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Dinner brings in more than $24,000 for Emo hospital

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Fundraising for the Emo hospital’s renovation project got off to a good start Friday night, with more than $24,000 raised at the kick-off dinner and silent auction.

The Emo Legion was packed as all 200 seats to the event were sold well ahead of time. Co-organizer and emcee Percy Champagne was more than pleased.

“I thought it was fantastic,” he enthused. “Nobody left early. I would venture to say 95 percent of the crowd stayed until 10 p.m. when the evening closed.”

“A great time was had by all,” echoed Gerd O’Sullivan, chair of the general fundraising committee. “Nobody got bored and everything moved along just nicely.”

Highlights of the evening included a $5,000 cheque from Voyageur Panel in Barwick, plus a quilt donated by Marge McLeod which brought in more than $300 during the silent auction.

Then there was the $200 donation for Dr. John O’Sullivan to sing “Wild Colonial Boy.”

“We had some impromptu events that turned out to be very exciting,” Champagne said, noting several other people were put on the auction block to sing.

“One of my feelings is I’ve never seen so many people laugh so often in the same evening,” he chuckled.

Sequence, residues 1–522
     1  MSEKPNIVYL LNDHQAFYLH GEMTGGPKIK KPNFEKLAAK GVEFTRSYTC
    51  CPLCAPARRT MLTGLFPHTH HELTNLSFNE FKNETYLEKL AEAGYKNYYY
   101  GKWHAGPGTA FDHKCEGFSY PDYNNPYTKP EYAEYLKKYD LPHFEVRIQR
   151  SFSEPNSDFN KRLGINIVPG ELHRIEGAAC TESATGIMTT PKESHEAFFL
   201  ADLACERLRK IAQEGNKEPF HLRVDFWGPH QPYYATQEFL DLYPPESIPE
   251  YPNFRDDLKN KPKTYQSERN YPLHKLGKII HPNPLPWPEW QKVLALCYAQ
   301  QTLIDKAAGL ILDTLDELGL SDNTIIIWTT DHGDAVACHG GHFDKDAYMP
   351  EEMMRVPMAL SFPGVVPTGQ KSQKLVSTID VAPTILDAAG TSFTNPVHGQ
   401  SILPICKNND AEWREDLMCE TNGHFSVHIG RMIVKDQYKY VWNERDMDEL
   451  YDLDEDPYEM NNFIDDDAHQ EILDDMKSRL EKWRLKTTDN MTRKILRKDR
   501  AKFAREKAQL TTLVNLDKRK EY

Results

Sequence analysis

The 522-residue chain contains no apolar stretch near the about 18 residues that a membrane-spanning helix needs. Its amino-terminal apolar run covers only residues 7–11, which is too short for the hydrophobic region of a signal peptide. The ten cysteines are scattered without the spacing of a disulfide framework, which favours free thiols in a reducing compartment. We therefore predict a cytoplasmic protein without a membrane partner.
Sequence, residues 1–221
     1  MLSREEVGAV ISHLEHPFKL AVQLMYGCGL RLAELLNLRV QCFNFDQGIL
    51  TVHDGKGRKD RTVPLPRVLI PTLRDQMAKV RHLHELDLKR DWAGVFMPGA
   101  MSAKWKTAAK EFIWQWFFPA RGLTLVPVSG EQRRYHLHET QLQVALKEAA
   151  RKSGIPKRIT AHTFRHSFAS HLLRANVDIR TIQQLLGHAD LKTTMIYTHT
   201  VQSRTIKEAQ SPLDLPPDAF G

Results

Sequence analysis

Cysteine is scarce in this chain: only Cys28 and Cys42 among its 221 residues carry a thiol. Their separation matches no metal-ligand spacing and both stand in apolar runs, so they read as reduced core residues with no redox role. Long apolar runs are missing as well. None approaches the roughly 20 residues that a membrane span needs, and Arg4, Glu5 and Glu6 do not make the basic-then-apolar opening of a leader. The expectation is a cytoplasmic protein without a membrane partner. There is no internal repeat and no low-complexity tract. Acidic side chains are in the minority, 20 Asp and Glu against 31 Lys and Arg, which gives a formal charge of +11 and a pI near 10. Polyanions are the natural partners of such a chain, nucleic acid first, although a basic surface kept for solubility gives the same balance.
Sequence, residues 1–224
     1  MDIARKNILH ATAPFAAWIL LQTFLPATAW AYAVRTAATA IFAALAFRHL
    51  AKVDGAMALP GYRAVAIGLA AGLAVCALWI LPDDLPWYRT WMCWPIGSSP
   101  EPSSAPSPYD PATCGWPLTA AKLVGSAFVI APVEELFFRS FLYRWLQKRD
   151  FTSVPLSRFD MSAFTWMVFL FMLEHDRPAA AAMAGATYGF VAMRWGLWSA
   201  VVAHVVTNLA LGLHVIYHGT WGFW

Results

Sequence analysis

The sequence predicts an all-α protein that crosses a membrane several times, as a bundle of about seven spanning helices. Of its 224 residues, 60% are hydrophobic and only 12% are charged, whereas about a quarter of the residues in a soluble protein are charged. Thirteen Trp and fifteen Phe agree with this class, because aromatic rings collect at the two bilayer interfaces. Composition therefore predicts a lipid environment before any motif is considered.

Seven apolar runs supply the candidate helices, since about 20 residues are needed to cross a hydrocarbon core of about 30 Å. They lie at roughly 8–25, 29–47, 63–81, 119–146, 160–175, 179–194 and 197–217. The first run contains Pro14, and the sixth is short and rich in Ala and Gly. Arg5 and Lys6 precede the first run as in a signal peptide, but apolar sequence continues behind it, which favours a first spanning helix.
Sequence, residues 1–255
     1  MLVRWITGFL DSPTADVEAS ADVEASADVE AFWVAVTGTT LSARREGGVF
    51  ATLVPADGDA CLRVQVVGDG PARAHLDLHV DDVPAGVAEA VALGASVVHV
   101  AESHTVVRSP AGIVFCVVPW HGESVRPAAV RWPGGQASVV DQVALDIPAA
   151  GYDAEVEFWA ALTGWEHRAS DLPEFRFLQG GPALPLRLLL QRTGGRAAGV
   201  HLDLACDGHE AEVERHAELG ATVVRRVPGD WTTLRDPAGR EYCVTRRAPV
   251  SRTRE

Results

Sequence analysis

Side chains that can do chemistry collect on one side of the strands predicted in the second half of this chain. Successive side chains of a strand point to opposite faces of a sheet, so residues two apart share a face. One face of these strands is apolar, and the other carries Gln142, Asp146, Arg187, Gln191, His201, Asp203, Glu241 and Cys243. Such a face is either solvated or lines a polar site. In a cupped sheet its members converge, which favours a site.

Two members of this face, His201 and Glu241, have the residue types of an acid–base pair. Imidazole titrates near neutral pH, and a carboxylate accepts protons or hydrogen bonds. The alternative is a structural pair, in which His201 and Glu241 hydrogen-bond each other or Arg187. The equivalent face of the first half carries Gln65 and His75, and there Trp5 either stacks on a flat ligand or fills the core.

“It might be best next time to pay some people not to sing,” joked O’Sullivan.

Besides the impromptu singing, Cindy Judson had organized a full night of “real” entertainment, including the first public performance of the Community Children’s Chorus of Emo under the direction of Renée Martin.

“I think Renée Martin deserves an incredible big hug and a thank you for doing such a beautiful job with those children,” Champagne said. “And I think the other entertainment in the evening was excellent.”

Champagne said this was the first time he had ever been asked to emcee a function like this—and it was an experience he thoroughly enjoyed.

“I went away feeling like I really accomplished something,” he remarked. “It was a feeling of self-satisfaction for helping to put the thing on.”

Despite the good start, though, the fundraising committee still has a long way to go before it can call it quits, needing to raise at least another $500,000 for a renovation project that could cost almost $2 million.

“We’re now going to do some heavy-duty planning for the next year,” O’Sullivan said. “Anybody who wants to volunteer can give me a call.”

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